Only one thing could pick me back up off the ground- the one thing that had brought me happiness consistently since my arrival in Mexico: tacos. Delicious, greasy tacos cooked at the street stands and served with green onions and spicy hot salsa. I found an old kindly woman cooking them in an alley. The grease, heat and spice of the taco gave my system a new sensation to contain and it distracted me from my failure. To further my cathartic coping I confessed my failure and stupidity to the vendor. She listened graciously.
         Then in her eyes I saw a glimmer of hope. She told me that I had missed one running but there would be yet another! I put my half-eaten taco down on the plate, looked at her questioningly and she reassured me, "Sie, sie, Joven (young guy)." I devoured the taco, paid up, and she pointed me down the street. I followed the crowd of people to the gates of a big stadium and bought a ticket to the evening Running of the Bulls.

         I had missed it in the streets, but I would see it in the arena. For three grueling, exciting, and uncomfortable hours I heard the cheers and jeers of the crowd as they shouted for the Toros (bulls) and the Toreros (the men killing the bulls). My circumstance began to make perfect sense. After all there was no running of the bulls in the streets in Hemingway's story, why would there be in mine? The rationalization worked for me and I settled into my seat to watch the Bullfight.
         The first fight was the toughest to watch- Dolce, 476 kg, in all his hugeness and rage was no match for the picks, swords, and spears of the Toreros. The sequence of the age old battle of Man vs. Bull was fascinating. The enraged bull tore into the empty arena. He was egged on by men with their pink blankets flashing and taunting. The bull was heaving, nervous, pissed off, and tired. Then out came the Torero (matador) for the bull to make a few passes at. Dolce brushed an inch or two by the man's waist every time. After the matador got the crowd behind him with a few close passes, out came the picadores (guys with spears) on armored horses. The horse, blinded by a mask and ordered to stay put by its rider, was a big, easy target for Dolce. He dug his horns into the horses side, but it was all a nasty trick. As the bull pushed against the armored horse, releasing its rage into the horse's steel-plated ribs, the picador plunged his spear deep into the bull's back, drawing the first blood and staining the Dolce's back. He moved away after several seconds when he finally realized the intense pain of the spear. Then the matador teased Dolce away from the picador with his flashy blanket. Dolce remained strong and charged at the man, but in making his turn he stumbled. This first sign of weakness was the beginning of Dolce's end. The music sounded from the band, a tragic Spanish tune of trumpets, bass drum, and clarinets that signaled the picador to exit the arena. Then it was only one man and one bull.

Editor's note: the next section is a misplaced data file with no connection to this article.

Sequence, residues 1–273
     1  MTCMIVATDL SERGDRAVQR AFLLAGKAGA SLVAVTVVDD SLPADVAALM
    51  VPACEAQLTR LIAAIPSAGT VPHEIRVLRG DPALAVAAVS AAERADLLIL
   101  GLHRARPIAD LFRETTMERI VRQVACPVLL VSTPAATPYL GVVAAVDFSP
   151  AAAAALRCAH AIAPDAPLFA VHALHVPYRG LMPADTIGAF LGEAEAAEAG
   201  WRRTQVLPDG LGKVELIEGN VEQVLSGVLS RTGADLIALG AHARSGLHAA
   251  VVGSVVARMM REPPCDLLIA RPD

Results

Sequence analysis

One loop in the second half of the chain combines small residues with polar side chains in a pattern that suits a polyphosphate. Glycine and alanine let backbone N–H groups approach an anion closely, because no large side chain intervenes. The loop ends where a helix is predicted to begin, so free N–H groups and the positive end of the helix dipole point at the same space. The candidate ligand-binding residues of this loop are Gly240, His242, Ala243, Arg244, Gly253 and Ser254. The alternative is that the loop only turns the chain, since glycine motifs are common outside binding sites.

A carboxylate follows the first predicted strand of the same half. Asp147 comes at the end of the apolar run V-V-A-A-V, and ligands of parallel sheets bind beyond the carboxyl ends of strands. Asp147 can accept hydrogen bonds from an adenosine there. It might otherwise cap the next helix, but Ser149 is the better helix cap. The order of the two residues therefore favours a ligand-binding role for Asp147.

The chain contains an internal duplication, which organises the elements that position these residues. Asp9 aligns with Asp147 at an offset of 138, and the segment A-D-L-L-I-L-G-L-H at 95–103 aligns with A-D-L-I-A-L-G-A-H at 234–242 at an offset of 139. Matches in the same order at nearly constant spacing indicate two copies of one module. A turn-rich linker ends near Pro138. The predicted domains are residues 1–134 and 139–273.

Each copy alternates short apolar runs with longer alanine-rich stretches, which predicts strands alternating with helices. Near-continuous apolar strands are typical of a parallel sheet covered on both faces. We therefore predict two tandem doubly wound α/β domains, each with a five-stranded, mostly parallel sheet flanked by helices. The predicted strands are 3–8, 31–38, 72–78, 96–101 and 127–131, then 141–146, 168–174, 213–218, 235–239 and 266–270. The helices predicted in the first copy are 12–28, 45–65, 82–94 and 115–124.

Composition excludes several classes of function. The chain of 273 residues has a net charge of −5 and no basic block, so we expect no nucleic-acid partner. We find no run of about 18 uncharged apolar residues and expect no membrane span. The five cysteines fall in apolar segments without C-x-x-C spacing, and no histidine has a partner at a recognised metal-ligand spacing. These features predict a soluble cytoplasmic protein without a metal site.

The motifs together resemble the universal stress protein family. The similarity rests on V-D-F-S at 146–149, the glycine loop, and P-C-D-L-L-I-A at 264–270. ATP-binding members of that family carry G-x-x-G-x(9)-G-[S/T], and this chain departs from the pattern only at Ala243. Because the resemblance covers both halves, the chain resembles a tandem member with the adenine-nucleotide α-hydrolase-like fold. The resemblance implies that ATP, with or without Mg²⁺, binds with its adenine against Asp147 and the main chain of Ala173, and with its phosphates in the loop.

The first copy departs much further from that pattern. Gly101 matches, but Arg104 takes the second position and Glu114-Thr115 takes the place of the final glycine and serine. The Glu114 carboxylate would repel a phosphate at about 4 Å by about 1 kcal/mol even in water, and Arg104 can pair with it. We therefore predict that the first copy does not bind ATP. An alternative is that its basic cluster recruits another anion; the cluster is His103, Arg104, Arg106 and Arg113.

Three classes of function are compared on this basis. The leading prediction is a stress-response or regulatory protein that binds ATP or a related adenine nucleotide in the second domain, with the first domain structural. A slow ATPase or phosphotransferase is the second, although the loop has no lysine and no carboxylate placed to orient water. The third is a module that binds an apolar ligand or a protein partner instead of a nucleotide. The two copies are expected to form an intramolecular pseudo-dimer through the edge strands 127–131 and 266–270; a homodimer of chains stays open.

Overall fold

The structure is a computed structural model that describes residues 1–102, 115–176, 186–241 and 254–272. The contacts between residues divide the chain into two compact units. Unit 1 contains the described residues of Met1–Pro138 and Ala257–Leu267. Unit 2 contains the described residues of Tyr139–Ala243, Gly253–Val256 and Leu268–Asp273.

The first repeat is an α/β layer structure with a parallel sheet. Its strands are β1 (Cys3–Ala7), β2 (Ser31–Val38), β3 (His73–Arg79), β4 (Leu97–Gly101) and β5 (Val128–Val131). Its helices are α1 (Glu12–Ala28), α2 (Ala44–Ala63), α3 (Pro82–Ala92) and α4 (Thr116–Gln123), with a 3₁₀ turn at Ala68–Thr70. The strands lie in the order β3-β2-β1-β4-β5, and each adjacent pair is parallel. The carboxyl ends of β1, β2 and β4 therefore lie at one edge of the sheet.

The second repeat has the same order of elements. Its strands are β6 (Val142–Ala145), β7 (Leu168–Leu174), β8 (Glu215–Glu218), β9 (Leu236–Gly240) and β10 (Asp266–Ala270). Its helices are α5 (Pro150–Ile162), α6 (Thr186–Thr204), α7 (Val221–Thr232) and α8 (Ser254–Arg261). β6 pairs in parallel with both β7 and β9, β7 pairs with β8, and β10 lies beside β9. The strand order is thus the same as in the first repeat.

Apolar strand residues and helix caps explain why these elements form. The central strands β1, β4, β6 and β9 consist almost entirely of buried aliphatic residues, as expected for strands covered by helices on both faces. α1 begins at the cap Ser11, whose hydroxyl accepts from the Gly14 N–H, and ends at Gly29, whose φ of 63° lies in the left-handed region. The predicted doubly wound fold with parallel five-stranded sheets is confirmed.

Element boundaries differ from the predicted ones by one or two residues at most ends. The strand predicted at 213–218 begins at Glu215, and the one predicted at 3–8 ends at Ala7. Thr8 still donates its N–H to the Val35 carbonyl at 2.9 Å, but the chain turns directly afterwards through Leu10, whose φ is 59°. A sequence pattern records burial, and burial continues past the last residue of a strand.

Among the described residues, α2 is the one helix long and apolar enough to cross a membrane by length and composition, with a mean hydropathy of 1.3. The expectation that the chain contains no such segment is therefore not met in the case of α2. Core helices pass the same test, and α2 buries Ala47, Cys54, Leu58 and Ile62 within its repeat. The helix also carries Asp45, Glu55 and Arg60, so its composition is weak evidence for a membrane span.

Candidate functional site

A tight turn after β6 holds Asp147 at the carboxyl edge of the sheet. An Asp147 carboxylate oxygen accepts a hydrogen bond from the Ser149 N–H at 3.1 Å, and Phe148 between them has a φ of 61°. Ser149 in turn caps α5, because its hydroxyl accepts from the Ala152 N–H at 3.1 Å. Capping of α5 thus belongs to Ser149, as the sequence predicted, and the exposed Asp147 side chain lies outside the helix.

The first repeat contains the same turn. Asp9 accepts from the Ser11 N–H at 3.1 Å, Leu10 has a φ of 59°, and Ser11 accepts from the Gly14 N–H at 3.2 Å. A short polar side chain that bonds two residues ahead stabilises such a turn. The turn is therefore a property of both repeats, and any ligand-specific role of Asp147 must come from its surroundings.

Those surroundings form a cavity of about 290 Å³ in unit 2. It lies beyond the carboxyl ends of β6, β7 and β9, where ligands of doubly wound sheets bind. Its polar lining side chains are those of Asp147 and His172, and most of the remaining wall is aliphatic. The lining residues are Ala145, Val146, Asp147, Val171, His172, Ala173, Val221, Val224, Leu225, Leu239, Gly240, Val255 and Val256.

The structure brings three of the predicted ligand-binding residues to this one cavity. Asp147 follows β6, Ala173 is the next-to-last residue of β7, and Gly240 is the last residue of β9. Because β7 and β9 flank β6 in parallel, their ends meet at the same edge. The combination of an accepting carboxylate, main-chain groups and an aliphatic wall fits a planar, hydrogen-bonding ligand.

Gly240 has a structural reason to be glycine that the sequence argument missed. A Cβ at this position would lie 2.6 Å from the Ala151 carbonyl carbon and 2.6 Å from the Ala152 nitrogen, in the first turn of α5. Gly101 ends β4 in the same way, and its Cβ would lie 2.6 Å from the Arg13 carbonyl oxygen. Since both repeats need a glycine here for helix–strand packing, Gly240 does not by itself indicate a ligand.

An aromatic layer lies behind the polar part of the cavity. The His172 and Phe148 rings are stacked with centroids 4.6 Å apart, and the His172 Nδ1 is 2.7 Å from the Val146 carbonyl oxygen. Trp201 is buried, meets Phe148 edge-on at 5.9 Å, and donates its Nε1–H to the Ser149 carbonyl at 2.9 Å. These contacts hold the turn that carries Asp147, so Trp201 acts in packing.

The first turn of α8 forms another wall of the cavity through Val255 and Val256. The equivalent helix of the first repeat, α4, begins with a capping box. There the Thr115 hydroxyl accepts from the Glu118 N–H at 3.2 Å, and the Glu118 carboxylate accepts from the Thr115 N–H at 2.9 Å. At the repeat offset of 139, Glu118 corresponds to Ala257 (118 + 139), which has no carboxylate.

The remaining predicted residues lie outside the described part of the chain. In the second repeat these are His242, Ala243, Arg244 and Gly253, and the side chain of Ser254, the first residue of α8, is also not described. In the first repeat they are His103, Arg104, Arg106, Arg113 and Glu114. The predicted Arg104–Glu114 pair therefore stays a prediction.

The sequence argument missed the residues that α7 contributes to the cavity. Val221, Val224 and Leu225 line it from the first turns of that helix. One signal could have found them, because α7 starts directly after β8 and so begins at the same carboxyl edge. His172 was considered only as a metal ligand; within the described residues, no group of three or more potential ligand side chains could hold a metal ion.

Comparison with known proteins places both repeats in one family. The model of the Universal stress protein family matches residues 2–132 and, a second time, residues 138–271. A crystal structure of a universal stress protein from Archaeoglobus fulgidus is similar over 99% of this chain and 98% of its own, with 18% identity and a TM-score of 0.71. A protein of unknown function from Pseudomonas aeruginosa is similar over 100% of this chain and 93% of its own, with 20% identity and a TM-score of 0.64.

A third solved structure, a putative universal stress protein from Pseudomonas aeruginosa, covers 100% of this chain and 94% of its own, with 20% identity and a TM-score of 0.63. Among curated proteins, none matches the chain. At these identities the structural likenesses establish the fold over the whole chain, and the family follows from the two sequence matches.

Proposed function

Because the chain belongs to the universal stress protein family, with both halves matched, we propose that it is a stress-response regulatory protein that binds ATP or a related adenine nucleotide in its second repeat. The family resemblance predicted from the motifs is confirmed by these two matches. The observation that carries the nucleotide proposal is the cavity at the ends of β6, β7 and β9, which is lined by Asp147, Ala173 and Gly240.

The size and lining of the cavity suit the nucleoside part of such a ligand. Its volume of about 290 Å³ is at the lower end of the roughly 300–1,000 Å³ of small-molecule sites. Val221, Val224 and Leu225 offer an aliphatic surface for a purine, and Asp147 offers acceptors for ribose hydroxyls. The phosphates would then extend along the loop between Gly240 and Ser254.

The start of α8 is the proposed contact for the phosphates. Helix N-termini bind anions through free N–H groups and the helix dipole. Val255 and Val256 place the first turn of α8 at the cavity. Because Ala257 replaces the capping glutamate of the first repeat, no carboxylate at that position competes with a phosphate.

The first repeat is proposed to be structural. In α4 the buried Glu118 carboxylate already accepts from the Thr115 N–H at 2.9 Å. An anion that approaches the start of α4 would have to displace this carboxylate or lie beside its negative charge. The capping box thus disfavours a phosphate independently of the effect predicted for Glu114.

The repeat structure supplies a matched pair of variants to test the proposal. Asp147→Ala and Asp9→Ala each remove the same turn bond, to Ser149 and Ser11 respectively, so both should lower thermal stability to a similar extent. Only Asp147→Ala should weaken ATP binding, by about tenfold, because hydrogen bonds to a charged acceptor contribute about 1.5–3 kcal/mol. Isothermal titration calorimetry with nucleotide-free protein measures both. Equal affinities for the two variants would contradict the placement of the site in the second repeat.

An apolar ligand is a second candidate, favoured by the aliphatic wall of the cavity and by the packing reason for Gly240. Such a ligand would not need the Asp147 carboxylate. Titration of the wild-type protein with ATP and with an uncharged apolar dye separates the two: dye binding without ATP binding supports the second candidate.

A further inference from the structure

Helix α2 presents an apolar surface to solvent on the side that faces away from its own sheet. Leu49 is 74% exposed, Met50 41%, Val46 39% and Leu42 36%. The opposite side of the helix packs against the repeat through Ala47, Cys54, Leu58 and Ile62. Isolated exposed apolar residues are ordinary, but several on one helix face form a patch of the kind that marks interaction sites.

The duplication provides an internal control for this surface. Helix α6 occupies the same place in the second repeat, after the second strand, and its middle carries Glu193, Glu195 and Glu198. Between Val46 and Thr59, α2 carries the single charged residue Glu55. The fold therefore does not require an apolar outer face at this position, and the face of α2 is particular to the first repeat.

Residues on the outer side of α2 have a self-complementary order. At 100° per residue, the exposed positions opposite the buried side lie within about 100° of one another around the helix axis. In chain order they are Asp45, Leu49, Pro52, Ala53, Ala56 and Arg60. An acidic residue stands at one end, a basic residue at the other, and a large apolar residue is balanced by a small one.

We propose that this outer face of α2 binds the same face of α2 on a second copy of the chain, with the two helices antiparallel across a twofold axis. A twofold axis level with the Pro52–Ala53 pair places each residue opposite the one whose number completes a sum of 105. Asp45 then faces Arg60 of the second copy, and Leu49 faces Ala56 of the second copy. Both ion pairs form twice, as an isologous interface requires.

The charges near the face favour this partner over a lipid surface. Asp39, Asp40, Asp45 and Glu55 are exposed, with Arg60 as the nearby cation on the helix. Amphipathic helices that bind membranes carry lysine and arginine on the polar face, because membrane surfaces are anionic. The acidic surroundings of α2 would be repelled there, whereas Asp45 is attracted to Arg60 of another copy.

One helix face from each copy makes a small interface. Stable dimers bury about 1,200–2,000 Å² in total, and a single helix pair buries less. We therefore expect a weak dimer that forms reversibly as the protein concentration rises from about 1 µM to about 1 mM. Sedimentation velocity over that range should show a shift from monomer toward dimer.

For this final fight the man switched to his red cape and grabbed his sword. Dolce stood a moment, heaving, trying to collect himself and understand what was happening. I imagined him wondering, "What happened to my calling of mounting cows? Was I not breeding the beef this country needs? What do these men want with my flesh?" Dolce had no time to think once the red cape flashed. It turned him into a crazy killing machine. The music intensified as the bull got crazier and clumsier. The man began to make a spectacle of it all. He slapped Dolce on the back, yelled in his face, and gained more and more confidence as the bull lost more and more will to fight and will to live.
        Then everything was silence. The music, the drunken men yelling, the bull, the cape, the man, it all stopped. The two of them faced each other only a few feet away. The man lifted the hilt of his sword to his ear and pointed the blade just above Dolce's lowered head. The silence was broken by the cry of the matador as he lunged toward Dolce and plunged his sword deep through the bloody holes in the bull's back. He planted it with precision and sliced into Dolce's vitals. Dolce the bull had his already spinning world brought to a cold and final halt. He dropped to his front knees first, proudly attempting to stay on at least some of his feet. Then his back legs buckled and dropped as well. The man laughed and shouted and the silence was smothered by the cheer of the crowd. A picador came in with a dagger and finished the paralyzed Dolce off by cutting into his brain.